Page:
FAMILY- Slow down: Therapist advises hugs before drugs


There's no doubt that boisterous, inattentive, hyperactive children can be frustrating and disruptive both in the classroom and at home. But long before parents consider medication, they need to make sure the home environment is conducive to an attentive, content child, says Pamela Sorensen, a child psychotherapist. While Sorensen acknowledges there are children who require medication for attention issues, she offers the following simple tips as the first steps a parent should take when concerned about a child's behavior.

Assist with transitions: "Transitions are very important to children, and they have a much bigger impact on a small child than on an adult," says Sorensen. "Parents need to think in detail about the transitions their children face each day." Discussing things such as who's going to take a child to school and who will pick up is important, she says. So are little details like what he or she will have for lunch or snack.

"To the child, these are not trivial things," says Sorensen. "These are like little anchors." 

Face time: "This is not the same as screentime," says Sorensen, who says many working parents arrive home with their children and never take a breath before launching into more chores.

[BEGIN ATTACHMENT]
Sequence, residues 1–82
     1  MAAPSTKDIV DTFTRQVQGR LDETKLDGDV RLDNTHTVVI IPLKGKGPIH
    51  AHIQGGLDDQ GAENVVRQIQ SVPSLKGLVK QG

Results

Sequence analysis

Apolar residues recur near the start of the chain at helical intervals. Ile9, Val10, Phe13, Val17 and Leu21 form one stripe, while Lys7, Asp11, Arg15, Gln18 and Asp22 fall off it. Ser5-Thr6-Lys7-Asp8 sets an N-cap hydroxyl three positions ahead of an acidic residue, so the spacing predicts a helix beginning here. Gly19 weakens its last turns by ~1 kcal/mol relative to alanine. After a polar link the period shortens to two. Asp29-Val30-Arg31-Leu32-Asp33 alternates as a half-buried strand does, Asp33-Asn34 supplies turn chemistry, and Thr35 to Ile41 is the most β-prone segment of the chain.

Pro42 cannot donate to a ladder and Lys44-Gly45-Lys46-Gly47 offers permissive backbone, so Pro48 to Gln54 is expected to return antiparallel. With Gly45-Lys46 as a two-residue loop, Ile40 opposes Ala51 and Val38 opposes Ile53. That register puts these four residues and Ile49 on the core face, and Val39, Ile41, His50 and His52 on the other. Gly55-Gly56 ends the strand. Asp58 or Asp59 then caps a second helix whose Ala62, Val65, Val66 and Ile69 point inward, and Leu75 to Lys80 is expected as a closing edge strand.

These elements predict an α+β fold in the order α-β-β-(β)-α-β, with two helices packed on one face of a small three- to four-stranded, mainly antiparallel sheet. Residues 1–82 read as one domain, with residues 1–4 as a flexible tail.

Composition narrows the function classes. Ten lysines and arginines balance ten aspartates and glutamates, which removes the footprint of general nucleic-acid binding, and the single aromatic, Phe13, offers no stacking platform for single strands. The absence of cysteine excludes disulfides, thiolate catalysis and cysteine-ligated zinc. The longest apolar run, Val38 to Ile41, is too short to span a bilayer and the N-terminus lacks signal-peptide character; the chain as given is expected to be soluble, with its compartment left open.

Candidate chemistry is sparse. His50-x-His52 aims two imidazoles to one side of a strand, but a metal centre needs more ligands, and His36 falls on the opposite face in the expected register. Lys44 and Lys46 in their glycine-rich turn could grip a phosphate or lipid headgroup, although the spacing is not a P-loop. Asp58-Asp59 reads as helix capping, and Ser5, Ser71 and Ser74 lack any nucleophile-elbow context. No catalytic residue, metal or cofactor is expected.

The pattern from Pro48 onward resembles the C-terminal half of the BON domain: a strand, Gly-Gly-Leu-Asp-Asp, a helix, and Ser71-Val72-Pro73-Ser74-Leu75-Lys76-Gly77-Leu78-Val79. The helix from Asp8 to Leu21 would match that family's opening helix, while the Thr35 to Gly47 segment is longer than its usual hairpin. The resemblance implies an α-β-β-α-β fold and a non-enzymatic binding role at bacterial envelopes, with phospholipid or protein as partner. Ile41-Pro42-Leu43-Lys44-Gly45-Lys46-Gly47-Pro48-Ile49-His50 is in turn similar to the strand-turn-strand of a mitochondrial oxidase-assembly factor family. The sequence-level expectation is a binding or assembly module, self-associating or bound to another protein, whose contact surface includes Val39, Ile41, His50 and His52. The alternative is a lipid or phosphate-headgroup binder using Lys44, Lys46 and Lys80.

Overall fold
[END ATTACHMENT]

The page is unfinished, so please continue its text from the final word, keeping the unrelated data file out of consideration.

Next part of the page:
"Mom thinks she has to get dinner on the table immediately, things are hairy and wild, the kids are driving her crazy," she says. "She's standing at refrigerator or stove. From the child's point of view, he's seeing mother's back. The child wants the mother's face." 

Sorensen's advice: slow down. "Dinner will be 20 minutes late, who cares?" she says. "Sit down. Don't turn on the television. Sit down and be still. You'll be surprised. You don't need to ask, 'What did you do today?' You don't need to question the child. This is the reunion that even the older child needs. He needs to reconnect with a mother who's not in a hurry." 

Give control: "Most of the time a child doesn't have any control over anything. He gets up when you say, gets the bus when the schedule says, goes to school. There's so much that's not within his control," says Sorensen, who suggests parents give even their very young children control over small manageable things. 

"Let him pick his own clothes," she says. "And do you really care whether he has Cheerios or toast? Let him decide." Allowing a child to make those choices, says Sorensen, "helps a child feel he is making a contribution to how things work and that he can do it effectively."

Routine and rhythm. "Every family's routine and rhythm are different," says Sorensen. "Some families have bath in the evening, some in the morning. What matters is that it happens in the context of a familiar rhythmic routine to family life." 

Sorensen says this predictability relaxes children, and she adds, "If it's possible for the bedtime routine to be unhurried and to include reading, this is also very helpful. There's something about winding down to the sound of mother or father's voice that's extremely reassuring. This needs to be a time of intimate connection, without the television."